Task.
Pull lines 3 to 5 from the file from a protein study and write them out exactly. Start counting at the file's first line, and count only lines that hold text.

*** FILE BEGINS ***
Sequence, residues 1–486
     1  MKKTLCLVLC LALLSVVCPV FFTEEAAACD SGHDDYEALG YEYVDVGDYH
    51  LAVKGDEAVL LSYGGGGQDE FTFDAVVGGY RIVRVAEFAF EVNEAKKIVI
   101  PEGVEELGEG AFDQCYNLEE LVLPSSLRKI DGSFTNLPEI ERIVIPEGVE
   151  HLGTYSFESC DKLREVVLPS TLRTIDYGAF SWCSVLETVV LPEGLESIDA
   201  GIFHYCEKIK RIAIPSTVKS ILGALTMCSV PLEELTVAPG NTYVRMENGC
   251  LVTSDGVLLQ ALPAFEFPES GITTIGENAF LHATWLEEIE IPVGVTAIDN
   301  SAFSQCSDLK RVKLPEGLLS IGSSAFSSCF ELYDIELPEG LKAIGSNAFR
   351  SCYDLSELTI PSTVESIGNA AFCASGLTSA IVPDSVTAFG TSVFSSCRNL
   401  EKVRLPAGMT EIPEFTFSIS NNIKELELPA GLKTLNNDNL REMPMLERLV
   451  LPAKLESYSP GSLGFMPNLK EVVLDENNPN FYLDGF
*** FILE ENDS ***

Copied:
    51  LAVKGDEAVL LSYGGGGQDE FTFDAVVGGY RIVRVAEFAF EVNEAKKIVI
   101  PEGVEELGEG AFDQCYNLEE LVLPSSLRKI DGSFTNLPEI ERIVIPEGVE
   151  HLGTYSFESC DKLREVVLPS TLRTIDYGAF SWCSVLETVV LPEGLESIDA